Today we take a look at one of Pingat’s earlier works, in this case an evening cloak/coat from the later part of the 1880s (circa 1885-1889). Compared to previous examples we’ve posted from the 1890s, this cloak takes a completely different silhouette characteristic of late 1880s style. Here are a few views:
Pingat, Evening Cloak, c. 1885-1889; Metropolitan Museum of Art (2009.300.484)
This cloak is constructed from an floral-patterned ivory silk jacquard combined with a peach velvet with dark peach/gold appliques that creates a two-tone effect. In terms of silhouette, this cloak is somewhat of a hybrid in that it combines the upper body and sleeve styles characteristic of mantles with a long coat style on the bottom. The cloak shape closely follows the classic late 1880s dress style, allowing ample room for the bustled train.
One can get a fairly good view of the peach-colored fashion fabric that’s on the front , back, and lower sleeves. It appears to be a close-napped velvet but of course, this is speculation given the lack of any specific details on the museum website or a close physical examination. 😉
Three-Quarter Back View
Close-up of back detail.
From this close-up of the back, one can get a good look at the contrasting silk brocade floral fabric versus the deeper peach velvet fabric and it’s applique decorative design. Cloaks and mantles provided a large canvas for the designer to utilize all manner of decorative effects and Pingat was definitely one to use this to maximum extent; this particular example not only sees a combination of different design styles but does so in a harmonious way. Victorian Era outerwear has always been a source of fascination for us in that it combines the practical and utilitarian with the artistic and while each designer had their own take on this, Pingat’s was especially unique. We’ll be hunting for more interesting examples to post here so stay tuned. 🙂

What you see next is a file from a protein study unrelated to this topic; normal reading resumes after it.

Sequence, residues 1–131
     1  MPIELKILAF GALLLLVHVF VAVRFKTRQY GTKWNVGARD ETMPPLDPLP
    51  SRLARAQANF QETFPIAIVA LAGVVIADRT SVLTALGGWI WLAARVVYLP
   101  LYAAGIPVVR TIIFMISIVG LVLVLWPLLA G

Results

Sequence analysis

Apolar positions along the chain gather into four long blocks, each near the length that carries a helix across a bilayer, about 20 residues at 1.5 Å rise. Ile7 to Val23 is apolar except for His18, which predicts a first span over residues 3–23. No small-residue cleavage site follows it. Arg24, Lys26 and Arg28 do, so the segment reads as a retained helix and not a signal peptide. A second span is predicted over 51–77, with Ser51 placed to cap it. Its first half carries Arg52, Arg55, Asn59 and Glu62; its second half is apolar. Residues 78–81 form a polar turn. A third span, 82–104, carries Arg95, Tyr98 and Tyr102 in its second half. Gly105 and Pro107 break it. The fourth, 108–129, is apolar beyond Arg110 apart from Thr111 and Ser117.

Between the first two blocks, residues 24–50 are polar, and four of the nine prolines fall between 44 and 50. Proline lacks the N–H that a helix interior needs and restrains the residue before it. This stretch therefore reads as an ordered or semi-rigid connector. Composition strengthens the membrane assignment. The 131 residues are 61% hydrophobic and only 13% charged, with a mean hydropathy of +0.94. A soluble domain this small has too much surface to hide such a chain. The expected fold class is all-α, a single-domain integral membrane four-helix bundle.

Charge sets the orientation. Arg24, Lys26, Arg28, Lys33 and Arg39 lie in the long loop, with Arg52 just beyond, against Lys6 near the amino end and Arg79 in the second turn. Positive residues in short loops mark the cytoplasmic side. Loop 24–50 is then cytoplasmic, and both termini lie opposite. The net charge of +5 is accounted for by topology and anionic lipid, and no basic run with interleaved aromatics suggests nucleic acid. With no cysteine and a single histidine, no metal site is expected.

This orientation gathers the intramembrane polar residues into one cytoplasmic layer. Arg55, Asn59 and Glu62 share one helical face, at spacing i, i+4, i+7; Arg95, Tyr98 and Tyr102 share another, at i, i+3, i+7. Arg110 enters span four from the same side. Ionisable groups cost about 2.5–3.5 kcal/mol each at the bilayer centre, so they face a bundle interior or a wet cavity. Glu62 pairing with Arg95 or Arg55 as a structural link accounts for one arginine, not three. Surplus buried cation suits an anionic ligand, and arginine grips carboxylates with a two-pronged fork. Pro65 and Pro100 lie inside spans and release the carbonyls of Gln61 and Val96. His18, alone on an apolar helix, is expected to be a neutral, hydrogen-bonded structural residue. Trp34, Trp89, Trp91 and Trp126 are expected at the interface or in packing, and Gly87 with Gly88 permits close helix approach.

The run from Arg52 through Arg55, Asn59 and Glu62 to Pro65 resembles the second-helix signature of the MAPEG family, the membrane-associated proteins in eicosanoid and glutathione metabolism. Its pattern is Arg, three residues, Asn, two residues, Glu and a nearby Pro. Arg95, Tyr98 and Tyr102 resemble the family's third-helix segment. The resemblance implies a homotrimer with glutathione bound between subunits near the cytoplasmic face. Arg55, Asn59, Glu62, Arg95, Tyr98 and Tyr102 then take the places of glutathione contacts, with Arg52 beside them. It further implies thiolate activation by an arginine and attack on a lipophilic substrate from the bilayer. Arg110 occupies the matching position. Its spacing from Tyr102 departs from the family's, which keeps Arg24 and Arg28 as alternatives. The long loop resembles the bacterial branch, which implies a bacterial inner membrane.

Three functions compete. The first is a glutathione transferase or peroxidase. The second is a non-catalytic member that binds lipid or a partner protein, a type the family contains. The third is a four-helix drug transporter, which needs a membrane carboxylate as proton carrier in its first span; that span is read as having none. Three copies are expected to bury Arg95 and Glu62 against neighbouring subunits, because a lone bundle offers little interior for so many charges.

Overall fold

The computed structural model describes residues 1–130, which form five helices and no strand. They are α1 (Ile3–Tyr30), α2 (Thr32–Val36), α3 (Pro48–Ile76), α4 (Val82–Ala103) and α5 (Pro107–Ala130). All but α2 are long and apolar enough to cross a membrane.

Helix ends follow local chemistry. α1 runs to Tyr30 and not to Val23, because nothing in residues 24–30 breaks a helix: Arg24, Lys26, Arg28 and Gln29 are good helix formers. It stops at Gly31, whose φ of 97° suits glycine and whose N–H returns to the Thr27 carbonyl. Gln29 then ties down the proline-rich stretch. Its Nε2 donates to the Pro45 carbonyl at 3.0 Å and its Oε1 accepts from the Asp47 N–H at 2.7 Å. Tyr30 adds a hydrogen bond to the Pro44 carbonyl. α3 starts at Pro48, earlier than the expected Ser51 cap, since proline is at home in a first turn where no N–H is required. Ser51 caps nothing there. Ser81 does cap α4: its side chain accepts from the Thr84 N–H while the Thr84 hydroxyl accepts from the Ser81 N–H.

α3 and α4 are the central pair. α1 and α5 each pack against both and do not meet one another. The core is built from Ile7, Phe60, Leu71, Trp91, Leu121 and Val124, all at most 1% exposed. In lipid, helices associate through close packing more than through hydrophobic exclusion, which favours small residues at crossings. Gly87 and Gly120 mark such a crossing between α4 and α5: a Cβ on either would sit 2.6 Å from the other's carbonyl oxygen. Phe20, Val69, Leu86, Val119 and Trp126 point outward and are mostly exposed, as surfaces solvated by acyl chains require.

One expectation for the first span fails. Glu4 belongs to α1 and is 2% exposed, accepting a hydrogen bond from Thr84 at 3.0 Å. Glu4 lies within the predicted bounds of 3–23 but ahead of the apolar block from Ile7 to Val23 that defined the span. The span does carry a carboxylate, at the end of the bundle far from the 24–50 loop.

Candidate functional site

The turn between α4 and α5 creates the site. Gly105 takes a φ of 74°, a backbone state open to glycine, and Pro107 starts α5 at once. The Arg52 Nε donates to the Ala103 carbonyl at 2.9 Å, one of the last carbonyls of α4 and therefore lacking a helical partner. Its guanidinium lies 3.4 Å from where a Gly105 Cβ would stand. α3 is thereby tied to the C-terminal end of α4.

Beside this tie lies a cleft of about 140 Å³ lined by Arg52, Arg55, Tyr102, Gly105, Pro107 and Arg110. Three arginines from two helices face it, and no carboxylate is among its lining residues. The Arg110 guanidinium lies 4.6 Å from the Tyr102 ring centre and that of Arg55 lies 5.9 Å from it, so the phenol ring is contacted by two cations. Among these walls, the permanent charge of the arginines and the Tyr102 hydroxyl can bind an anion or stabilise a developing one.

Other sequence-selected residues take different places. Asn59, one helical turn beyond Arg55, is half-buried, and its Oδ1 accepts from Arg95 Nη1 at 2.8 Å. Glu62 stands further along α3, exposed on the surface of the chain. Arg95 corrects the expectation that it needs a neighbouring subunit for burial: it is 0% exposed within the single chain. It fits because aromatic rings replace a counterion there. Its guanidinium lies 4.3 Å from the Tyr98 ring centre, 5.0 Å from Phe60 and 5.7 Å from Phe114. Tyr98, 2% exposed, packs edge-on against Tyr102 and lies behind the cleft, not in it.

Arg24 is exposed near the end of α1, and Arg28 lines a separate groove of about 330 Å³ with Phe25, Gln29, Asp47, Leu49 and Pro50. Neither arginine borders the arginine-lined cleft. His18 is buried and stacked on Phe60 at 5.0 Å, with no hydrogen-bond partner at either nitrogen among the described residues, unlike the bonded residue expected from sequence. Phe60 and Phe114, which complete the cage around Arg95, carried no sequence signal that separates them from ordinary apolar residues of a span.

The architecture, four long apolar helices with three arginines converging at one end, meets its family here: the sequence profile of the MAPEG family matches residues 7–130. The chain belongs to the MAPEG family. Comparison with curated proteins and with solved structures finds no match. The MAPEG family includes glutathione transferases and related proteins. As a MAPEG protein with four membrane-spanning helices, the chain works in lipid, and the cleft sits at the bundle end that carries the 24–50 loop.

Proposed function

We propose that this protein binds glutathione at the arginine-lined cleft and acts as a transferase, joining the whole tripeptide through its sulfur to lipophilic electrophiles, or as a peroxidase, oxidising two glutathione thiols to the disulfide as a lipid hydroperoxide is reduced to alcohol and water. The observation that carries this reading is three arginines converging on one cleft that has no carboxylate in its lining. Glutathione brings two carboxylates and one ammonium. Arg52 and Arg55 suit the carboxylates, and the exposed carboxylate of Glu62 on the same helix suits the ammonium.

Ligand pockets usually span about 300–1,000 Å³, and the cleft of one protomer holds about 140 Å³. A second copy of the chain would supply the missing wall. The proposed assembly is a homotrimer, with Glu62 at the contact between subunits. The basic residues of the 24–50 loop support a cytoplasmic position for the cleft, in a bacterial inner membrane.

Thinking a season ahead…two 1890s capes currently in the works. The purple one is awaiting its collar. 🙂
And here’s a couple of close-ups of the collar on the red cape:
This is probably one of the most extraordinary things that’s occurred since we started this blog back in 2013 and it’s all because of a post we did on Emile Pingat, a Parisian couturier who operated at about the same time as Charles Worth.
We have been blessed by an early portrait of Emile Pingat that was kindly sent to us by one of our readers, M. Jacques Noel, who is a descendant of M. Pingat. M. Noel gave us permission to post the picture here and we are very grateful, anything pertaining to one of the foremost couturiers during the late 19th Century.
An early portrait of Emile Pingat; Courtesy of Jacques Noel, email@example.com
Pingat was famous for the sheer luxury of his designs, utilizing the best fabrics to create styles that, in our opinion, surpass those of Worth. Although we have discussed M. Pingat in prior posts, here’s just a sample of his work:
From day dresses…
Reception Dress, Emile Pingat, c. 1885; Shelburne Museum (2010-75)
Emile Pingat, Dinner Dress, c. 1883 – 1885; Smith College Historic Clothing Collection (1989.1.3ab)
Pingat, Evening Jacket, 1893; Metropolitan Museum of Art (2009.300.139)
Opera Cape, Emile Pingat, c. 1882; Metropolitan Museum of Art (C.I.60.42.13)
To something more formal…
The above is just a small sampling of Pingat’s work and we salute him. 🙂
Ruby red cashmere, fur, and lace addition to our museum collection. I confess…I tried her on and twirled! 🙂
Here’s one our latest fit samples, in this case a cape based on an original 1894 pattern:
And for a colse-up of the collar:
And here’s a little of the construction process. Here we’re chalking out the lining:
And after cutting out the wool main cape:
And a burn test before starting- yes, it’s 100% wool. 🙂
This cloak is constructed from a patterned wool print fabric. The base fabric is a camel-colored brown and the pattern is black. The lining is a medium-weight cotton sateen. Stay tuned for more!